A new study published in the journal Pediatrics, found that children who spend a lot of time at indoor swimming pools during their early years are more prone to developing asthma and other breathing problems as they grow older, compared to others who do not frequent indoor pools.
They believe that harmful gases trapped indoors from the chlorinated pools are to blame for the airway damage. The main culprit: trichloramine, or nitrogen trichloride, is created when chlorine reacts with ammonia, which can be found in the sweat and urine from swimmers.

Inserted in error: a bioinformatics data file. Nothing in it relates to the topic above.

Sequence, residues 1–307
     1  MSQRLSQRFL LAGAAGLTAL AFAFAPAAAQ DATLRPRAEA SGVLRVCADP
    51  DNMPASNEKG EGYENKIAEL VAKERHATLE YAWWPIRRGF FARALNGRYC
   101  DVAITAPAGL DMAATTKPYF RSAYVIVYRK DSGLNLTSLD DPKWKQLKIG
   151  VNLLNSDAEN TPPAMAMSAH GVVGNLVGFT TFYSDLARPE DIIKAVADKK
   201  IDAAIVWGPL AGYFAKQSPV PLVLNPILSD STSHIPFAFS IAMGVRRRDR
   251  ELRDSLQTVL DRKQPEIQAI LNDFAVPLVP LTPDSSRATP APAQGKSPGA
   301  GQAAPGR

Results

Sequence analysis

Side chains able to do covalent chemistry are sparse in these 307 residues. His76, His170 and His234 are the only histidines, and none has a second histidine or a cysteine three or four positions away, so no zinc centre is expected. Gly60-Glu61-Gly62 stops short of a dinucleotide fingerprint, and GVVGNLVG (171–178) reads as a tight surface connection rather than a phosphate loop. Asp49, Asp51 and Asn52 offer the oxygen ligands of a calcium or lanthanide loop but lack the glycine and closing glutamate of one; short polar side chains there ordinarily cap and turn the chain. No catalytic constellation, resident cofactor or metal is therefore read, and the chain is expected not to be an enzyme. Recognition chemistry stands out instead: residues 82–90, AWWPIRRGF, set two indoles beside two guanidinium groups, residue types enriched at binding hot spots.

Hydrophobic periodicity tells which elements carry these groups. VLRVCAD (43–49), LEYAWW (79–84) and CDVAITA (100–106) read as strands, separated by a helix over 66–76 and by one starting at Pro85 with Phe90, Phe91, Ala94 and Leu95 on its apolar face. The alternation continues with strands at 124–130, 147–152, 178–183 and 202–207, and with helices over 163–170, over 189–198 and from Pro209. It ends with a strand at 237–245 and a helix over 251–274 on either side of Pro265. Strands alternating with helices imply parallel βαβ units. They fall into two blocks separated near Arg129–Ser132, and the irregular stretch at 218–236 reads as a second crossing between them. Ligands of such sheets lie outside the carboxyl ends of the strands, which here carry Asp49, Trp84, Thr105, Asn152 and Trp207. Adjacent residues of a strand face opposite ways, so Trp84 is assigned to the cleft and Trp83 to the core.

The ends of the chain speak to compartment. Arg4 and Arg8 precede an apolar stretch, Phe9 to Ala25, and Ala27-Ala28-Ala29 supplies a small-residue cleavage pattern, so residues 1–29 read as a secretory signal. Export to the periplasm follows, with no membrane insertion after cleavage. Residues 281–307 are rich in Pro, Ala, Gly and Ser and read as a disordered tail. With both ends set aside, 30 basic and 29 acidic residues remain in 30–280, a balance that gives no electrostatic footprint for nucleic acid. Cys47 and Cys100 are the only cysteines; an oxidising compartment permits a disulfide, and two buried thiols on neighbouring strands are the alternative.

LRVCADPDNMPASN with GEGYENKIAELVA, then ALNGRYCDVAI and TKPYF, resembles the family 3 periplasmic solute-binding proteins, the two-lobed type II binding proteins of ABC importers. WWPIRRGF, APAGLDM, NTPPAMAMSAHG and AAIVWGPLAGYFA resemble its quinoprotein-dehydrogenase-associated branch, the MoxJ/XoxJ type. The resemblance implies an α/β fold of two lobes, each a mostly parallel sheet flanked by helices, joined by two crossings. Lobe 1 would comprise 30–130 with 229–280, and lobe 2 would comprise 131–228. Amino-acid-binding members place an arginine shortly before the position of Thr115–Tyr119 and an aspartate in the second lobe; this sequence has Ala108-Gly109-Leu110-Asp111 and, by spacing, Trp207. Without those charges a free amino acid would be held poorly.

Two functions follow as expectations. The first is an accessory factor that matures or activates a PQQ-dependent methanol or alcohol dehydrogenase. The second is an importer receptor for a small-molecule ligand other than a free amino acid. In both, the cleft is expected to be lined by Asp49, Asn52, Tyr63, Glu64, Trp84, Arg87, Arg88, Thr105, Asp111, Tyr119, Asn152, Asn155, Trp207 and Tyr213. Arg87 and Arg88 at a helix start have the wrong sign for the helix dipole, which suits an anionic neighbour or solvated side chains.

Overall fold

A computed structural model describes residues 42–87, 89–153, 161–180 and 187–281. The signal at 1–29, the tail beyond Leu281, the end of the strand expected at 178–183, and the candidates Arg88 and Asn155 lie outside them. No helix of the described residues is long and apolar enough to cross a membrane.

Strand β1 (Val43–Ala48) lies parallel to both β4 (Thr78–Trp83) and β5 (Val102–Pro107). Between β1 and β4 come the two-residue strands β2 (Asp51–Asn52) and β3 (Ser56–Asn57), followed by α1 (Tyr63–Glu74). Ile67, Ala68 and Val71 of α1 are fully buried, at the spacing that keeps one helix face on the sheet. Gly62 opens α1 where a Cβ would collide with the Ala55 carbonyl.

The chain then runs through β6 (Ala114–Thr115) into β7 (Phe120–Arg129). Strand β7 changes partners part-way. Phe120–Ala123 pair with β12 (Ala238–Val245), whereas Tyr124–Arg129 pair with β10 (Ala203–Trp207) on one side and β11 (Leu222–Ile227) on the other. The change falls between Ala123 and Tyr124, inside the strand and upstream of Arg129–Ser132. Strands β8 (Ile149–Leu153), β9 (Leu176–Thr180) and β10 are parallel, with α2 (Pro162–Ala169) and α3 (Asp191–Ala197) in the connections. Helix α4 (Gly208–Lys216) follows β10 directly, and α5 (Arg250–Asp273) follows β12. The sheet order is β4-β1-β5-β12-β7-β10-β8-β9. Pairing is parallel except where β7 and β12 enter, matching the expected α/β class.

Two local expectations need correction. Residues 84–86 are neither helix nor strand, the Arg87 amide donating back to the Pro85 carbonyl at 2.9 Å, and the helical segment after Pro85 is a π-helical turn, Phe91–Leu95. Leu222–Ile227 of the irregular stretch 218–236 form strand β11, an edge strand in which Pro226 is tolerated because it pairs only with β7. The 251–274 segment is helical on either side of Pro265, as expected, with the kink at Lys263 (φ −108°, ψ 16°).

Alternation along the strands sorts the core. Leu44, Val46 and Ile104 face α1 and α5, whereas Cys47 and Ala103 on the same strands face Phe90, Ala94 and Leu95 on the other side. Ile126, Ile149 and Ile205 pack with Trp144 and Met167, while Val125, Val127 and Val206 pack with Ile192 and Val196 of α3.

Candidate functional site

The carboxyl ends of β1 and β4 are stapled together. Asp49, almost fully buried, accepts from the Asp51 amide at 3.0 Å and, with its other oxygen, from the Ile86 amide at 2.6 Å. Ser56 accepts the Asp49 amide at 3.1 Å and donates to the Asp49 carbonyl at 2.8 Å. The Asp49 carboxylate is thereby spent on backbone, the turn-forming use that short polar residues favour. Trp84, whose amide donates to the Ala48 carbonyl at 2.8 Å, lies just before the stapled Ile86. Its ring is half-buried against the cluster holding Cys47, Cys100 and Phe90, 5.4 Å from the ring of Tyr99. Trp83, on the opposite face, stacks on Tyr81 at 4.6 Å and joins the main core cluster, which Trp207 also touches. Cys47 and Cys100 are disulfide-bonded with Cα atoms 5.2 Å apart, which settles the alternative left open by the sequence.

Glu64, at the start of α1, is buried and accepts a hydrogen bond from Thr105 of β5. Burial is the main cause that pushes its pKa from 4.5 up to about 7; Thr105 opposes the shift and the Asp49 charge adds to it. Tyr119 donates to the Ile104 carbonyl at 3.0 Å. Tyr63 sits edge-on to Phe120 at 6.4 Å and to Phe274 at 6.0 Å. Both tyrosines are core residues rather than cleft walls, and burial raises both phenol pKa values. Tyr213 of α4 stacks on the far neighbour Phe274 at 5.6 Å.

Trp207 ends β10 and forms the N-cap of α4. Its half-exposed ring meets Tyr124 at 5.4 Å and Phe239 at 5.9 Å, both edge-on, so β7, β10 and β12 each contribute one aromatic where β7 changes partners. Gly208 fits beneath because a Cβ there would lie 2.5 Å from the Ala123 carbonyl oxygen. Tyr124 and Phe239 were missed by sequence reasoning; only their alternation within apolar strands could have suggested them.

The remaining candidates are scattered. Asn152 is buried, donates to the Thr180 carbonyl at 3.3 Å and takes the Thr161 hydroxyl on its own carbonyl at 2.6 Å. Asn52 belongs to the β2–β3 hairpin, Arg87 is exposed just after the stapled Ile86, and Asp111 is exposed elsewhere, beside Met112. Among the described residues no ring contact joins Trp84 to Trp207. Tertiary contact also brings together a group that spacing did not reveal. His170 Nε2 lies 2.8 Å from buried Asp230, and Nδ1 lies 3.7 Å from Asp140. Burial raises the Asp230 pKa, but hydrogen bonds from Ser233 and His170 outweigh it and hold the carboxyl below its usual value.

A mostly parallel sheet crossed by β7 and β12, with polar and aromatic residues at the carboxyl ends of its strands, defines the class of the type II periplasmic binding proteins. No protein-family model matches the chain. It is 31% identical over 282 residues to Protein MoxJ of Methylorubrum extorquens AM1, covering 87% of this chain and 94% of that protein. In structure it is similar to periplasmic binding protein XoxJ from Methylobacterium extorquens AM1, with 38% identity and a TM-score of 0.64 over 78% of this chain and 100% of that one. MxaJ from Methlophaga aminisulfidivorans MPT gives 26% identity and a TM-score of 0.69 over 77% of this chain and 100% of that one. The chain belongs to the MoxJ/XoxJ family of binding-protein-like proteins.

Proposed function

Swimming is both a great form of exercise and a vital life-saving skill for little ones. However, I don't recommend swimming in swimming pools, whether indoors or out, since your body absorbs more chlorine by swimming in a chlorinated pool than you would by drinking tap water for one week.
If you don't have access to a lake, ocean or other natural body of water, using peroxide (not bromine) is also an alternative for chlorine in your private pool. A product called Baquacil is available at most pool stores that can do the job safely. If all else fails--try to stick with outdoor pools, as at least the fumes are whisked away by the open air.
Pediatrics 2007 Jun;119(6):1095-103